The Interdependent and Intertemporal Nature of Financial Decisions: An Application to Cash Flow Sensitivities

Authors


  • Vladimir Gatchev is at the University of Central Florida, College of Business; Todd Pulvino is at CNH Partners, LLC and is adjunct professor of Finance at Northwestern University, Kellogg School of Management; and Vefa Tarhan is at Loyola University Chicago, School of Business and is visiting professor of Finance at Northwestern University, Kellogg School of Management. We thank Matthew Billett, Tim Bollerslev, Michael Fishman, Jon Garfinkel, Charles Himmelberg, Ravi Jagannathan, Robert Korajczyk, Nicholas Lash, Iwan Meier, Tom Nohel, Artur Raviv, Paola Sapienza, Ernst Schaumburg, Paul Spindt, Steven Todd, Toni Whited, and seminar participants at DePaul University, the Federal Reserve Bank of Chicago, the Financial Management Association, HEC Montréal, Loyola University Chicago, Northwestern University, Tulane University, and the University of Iowa for useful discussions. We are especially thankful to Robert Stambaugh (the Editor), an anonymous associate editor, and an anonymous referee for their insightful comments that significantly improved the paper. Please address correspondence to Vefa Tarhan.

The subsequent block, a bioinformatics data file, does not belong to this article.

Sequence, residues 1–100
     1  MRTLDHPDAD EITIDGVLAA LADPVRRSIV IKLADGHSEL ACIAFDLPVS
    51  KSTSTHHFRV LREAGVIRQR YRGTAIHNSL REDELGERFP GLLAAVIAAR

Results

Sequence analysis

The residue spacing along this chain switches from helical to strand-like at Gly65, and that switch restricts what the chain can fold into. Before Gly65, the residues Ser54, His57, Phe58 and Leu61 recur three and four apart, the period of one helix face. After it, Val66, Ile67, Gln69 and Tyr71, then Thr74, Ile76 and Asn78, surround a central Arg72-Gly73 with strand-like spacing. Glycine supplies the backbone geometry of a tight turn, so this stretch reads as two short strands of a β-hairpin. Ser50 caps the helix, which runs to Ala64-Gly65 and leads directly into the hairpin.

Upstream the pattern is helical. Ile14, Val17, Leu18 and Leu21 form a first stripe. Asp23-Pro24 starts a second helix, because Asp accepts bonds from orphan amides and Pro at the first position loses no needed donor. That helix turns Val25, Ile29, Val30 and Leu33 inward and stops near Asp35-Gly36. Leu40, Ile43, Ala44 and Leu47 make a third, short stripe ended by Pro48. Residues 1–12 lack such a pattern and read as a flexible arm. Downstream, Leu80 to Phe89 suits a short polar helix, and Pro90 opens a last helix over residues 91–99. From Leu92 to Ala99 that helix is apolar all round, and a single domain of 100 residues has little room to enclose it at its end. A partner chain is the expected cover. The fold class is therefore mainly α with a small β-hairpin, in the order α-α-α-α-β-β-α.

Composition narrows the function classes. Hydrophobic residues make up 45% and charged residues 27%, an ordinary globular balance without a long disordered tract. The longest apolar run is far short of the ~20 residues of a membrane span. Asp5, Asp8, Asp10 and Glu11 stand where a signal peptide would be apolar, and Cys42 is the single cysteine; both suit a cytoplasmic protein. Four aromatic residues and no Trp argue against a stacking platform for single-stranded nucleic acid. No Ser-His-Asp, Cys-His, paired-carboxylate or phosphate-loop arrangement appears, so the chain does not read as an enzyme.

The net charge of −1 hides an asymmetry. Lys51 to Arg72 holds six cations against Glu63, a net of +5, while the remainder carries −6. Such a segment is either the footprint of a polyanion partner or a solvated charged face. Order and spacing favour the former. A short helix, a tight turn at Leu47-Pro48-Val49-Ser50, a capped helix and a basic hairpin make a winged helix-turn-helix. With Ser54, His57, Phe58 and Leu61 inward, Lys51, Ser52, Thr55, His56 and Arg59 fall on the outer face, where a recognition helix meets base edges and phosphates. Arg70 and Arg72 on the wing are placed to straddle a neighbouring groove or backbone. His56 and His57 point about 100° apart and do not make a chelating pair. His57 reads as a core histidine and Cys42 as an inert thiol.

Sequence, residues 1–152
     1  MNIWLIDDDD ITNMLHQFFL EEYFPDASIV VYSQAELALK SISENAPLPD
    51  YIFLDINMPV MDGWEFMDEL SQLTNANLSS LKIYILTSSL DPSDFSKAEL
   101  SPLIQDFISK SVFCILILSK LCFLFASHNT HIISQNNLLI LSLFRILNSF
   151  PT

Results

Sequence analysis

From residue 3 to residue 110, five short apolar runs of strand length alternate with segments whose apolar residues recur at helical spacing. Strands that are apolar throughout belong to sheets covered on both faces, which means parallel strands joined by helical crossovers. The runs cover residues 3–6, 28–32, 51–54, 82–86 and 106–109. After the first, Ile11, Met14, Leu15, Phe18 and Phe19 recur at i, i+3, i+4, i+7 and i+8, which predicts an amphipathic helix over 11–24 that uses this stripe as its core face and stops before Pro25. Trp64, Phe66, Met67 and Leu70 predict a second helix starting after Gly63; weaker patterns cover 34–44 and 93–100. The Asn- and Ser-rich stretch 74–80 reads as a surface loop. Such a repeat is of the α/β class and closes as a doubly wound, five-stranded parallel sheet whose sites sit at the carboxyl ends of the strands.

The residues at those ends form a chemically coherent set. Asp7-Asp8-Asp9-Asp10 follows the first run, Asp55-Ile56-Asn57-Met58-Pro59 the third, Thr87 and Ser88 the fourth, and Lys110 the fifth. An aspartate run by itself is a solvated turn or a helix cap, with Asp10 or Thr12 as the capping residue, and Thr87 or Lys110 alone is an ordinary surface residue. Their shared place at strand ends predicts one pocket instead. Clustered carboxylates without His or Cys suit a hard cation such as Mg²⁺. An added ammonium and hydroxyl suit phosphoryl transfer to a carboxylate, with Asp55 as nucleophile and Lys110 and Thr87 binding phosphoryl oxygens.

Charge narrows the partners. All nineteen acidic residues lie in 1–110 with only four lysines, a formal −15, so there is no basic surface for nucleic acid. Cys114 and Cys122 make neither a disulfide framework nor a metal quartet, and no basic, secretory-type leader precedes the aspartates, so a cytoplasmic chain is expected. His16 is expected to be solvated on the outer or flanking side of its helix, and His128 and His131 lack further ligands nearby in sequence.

ABSTRACT

We develop a dynamic multiequation model where firms make financing and investment decisions jointly subject to the constraint that sources must equal uses of cash. We argue that static models of financial decisions produce inconsistent coefficient estimates, and that models that do not acknowledge the interdependence among decision variables produce inefficient estimates and provide an incomplete and potentially misleading view of financial behavior. We use our model to examine whether firms are constrained from accessing capital markets. Unlike static single-equation studies that find firms underinvest given cash flow shortfalls, we conclude that firms maintain investment by borrowing.

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